6 Ways to Master a New Language During College

Flickr user Quinn Dombrowski

The free time of every college student is significantly limited by studies. Written assignments, reports, readings, and other tasks are an inevitable part of life during that period.

Seems like the college is not a perfect time to learn a new language, right? Well, wrong.

Studies have shown that the younger you are, the easier it is for you to learn a new knowledge. After college, this ability diminishes and learning becomes harder.

That’s why college is a perfect time!

If you’re wondering how you could learn a new language with a busy schedule, here is a list of some great tips for you.

Let’s check them out.

#1. Visit a speaking club

It is a known fact that communication with native speakers or other learners in the target language is more helpful than studying for days. A conversation is an active and vigorous test of your abilities to interact in a new language, so it maximizes the benefits.

Assuming that you have some basic communication skills in your target language, find a speaking club in your area. Just ask around or search the Internet. These clubs are often free but may require a registration with the person who arranges the meetings.

While going to a speaking club won’t take a lot of time off your schedule it will make a significant contribution to your learning. Moreover, you can find some friends who are pursuing the same goal and have support along the way.

#2. Immerse yourself in the language using everyday tools

Make everyday tools your helpers in immersing yourself in the target language. For example, if you are learning Spanish, how about setting your phone to this language? You will learn at least a hundred words just by doing this simple thing! The same applies to other mobile devices. Next, you can watch television in Spanish or watch YouTube videos.

“To make sure that the process is as enjoyable as possible, find videos about something that interests you, says Mary Irving, a senior editor from Pro Writing. “For example, if you like watching history documentaries, then you should find them in your target language and watch.”

Identify new words while watching and find their translation afterward. This method can greatly boost your vocabulary and improve your listening skills.

#3. Take weekly classes with a native speaker

How about stepping out from your comfort zone and arranging a meeting with a native speaker? Even if you stumbled through your exchanges in the speaking club, these struggles do not mean you are not ready to speak with a native.

They should only mean that you have a plenty of room for improvement. And what is better than sitting and talking with a person who has been speaking your target language since childhood?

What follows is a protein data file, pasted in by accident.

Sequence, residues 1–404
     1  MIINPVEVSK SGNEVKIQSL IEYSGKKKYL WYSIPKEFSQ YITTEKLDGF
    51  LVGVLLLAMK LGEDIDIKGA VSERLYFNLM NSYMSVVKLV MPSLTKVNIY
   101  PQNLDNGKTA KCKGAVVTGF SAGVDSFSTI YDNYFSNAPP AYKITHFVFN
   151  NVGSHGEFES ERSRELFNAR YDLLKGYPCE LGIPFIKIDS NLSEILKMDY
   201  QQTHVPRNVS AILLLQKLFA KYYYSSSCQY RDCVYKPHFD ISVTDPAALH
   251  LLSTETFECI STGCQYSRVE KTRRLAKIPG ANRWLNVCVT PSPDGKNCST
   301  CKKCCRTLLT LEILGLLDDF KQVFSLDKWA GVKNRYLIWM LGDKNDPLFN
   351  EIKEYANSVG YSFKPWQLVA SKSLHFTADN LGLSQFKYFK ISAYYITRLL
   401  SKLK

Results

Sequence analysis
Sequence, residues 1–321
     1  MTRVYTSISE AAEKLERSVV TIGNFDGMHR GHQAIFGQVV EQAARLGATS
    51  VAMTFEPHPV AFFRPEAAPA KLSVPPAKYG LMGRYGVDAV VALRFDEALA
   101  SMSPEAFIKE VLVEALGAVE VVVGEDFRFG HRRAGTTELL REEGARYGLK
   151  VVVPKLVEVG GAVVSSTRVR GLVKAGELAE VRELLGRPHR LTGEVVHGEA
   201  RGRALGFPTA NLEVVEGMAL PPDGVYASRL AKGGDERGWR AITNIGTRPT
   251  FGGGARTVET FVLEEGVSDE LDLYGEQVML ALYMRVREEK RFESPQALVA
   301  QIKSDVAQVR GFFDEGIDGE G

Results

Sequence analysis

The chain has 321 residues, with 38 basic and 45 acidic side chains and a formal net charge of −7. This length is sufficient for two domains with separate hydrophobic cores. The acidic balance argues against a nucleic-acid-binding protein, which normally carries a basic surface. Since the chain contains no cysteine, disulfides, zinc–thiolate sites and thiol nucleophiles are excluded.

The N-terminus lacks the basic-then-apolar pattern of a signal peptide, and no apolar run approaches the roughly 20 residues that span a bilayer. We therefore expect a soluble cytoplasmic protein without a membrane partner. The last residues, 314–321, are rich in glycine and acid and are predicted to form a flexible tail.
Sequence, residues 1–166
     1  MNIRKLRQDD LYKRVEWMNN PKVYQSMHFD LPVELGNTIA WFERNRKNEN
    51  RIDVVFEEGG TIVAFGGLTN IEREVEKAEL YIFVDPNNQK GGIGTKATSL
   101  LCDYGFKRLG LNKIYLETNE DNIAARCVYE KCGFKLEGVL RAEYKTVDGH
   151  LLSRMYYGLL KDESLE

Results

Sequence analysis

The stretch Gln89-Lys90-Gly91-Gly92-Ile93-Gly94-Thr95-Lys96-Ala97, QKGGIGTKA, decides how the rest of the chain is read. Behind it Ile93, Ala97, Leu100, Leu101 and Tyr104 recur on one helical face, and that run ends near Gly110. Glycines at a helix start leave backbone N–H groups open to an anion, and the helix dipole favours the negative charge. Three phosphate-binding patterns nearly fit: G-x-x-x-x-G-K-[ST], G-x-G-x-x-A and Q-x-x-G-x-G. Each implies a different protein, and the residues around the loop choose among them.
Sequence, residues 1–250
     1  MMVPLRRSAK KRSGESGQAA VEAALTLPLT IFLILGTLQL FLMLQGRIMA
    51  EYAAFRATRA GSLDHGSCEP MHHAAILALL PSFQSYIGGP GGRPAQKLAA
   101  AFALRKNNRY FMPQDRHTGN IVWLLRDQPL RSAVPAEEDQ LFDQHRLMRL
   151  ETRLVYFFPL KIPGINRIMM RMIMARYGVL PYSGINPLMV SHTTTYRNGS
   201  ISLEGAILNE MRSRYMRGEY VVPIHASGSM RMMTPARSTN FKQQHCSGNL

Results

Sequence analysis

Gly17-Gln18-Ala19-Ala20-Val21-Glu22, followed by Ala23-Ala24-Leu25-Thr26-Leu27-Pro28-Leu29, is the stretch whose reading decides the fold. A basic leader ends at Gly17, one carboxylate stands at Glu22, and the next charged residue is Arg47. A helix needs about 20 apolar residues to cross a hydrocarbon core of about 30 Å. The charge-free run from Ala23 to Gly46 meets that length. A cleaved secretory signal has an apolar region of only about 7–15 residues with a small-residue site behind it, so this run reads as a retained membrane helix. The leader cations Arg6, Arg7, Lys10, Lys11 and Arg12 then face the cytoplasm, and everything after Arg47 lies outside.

With this person in front of you, your motivation to learn will be much greater. Moreover, there are other advantages in this for you. For example, in addition to the language, you learn conversation, facial expressions, inflection, and even body language of native speakers and you can always ask for assignment help.

#4. Travel!

If you have a chance to travel during your break, do it! Go to the country to immerse in the target language environment and practice as much as you can. Use every opportunity to speak and interact with native speakers.

When you travel, you have an excellent chance to enjoy the enormous utility of the language first-hand. So, travel during the breaks to improve your language!

#5. Use shorter study periods

This requirement is fine for students who have limited time to study outside the college. Having shorter study periods allows to retain more new information than using long ones. For example, a 10-15 minutes study session that involves only five new words and a few expressions can be much more effective than spending hours in the books.

Kevin Paul, a well-known author, discussed this technique in his recent book called Study Smarter, Not Harder. According to his conclusions, sessions of 30 minutes are just enough to study something in a meaningful manner but not so long that focus is lost and the learned material is forgotten.

Also, the author recommended changing subjects to stimulate the brain to focus. For example, if you’re learning the topic “Accommodation,” switch to other topics to encounter new materials. The novelty is supposed to stimulate the learner to focus once again.

By using shorter periods, you study smarter!

#6. Find a friend for practice

Many people look for native speakers online to practice their language via Skype or other video apps. Indeed, it is a great way because you can do that from home at a pre-defined time. Find someone from your target country by posting an announcement on your Facebook profile or on a language learning site. Then, organize a weekly Skype session with a person who agreed to help you.

This would work particularly well for those students who have limited time to study. Even though it’s only one conversation a week, it is still better than nothing, right? Moreover, we already know that speaking is a great exercise for practice, so you will maximize the benefits.

Helpful Resources for Online Learning

  • The Polyglot Club – an organization that arranges language meetings in many major cities across the world
  • Smartlanguagelearner – language learning resource, where you can find a lot of useful information
  • My Language Exchange – practice language with others online for free on this platform
  • Memrise – free online courses of all languages!

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Lucy Benton

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